‘Amendment proposed, in line 1, after “mitigating factors:” to insert “a) Ms Ferrier was a woman on her own in London, not her home city. There were no family or close friends to assist her. Her actions were not designed to enrich her or give her any form of benefit in kind. Her behaviour and judgement was directly affected by her distress and panic in her health condition and loneliness;”.—(Alberto Costa.)’

    This was defeated by seven voters to five. Amongst MPs, ONLY the Labour member voted againts Costa’s amendment.

    Finally, Sir Bernard Jenkin brought this statement to a vote:

    ‘In arriving at the decision on sanction, the Committee has had to take account of the effect of the Recall of MPs Act 2015. The recommended sanction, if approved by the House, will trigger the possibility of recall. We believe the operation of the Act requires review.’

    The Committee members – including ALL MPs – voted eight to four in support of his statement.

    I contend – without wishing to understate the seriousness and foolishness of Ms Ferrier’s action – that this FULLER information on the Committee’s deliberations shows matters in a somewhat different light – but one that will not be shone by the media and so one that will rarely be seen!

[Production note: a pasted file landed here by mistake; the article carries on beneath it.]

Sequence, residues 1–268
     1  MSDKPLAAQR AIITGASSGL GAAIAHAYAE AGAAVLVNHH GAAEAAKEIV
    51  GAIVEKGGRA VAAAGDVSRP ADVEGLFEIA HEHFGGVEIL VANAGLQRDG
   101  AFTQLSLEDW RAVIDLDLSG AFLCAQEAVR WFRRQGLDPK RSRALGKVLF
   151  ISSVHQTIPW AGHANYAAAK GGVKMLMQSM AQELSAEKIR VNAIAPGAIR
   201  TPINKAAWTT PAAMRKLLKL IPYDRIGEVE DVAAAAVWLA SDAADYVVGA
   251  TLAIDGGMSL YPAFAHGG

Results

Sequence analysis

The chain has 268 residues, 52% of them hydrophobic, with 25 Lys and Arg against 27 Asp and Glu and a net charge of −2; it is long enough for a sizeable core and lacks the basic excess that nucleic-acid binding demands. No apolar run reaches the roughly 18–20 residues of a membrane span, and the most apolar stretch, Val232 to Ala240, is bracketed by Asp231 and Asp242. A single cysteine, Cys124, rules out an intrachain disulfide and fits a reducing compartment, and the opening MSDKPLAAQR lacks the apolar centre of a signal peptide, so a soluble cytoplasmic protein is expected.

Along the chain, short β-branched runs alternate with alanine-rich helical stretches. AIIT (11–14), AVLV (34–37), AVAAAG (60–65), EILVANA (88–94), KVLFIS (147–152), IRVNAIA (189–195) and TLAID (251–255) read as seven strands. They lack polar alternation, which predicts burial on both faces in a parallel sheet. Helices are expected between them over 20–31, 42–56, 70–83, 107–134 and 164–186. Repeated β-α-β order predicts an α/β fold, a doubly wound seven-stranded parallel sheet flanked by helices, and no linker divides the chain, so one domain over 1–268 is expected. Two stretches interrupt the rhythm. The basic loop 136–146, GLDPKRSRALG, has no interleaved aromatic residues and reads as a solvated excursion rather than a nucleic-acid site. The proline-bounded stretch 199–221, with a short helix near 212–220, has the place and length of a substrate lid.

1. Also worth adding that she was subject to 2 police investigations. One by the Met which found she did not break the rules as they stood in England when she travelled and one by Police Scotland. The latter led to her arrest and subsequent trial in which she was given a 270 hour community service order.


      Compare and contrast that to filling in a questionnaire and a subsequent £50 fine.

      It is also worth pointing out when it comes to mitigations for her behaviour that ‘brain fog’ is a well recorded symptom of Covid-19 infections and may have impaired her judgement/decision making.

      It will be interesting to see if the 30 day suspension is confirmed whether they will get 8,000 signatures on a recall petition to trigger a by-election.


  5. Given the majority of the MPs on the committee voted for the 9 days which would not have created the opportunity for a by election, Parliament could reasonably take the view that they should not impose the 30 day suspension. For political reasons in the hope of damaging the SNP, I suspect the 30 day recommendation will go through which ought to mean Boris should suffer at least that fate. I doubt that he will which will look bad which I suggest is why 3 of the 4 Tories went for 9 days.


    1. I think you are right in your assessment of the Tory thinking, probably looking to minimise the likely punishment for BoJo


  6. Rutherglen Labour Party – do they still hold their committee meeting in the posh seats at Cel;tic Park on a Saturday?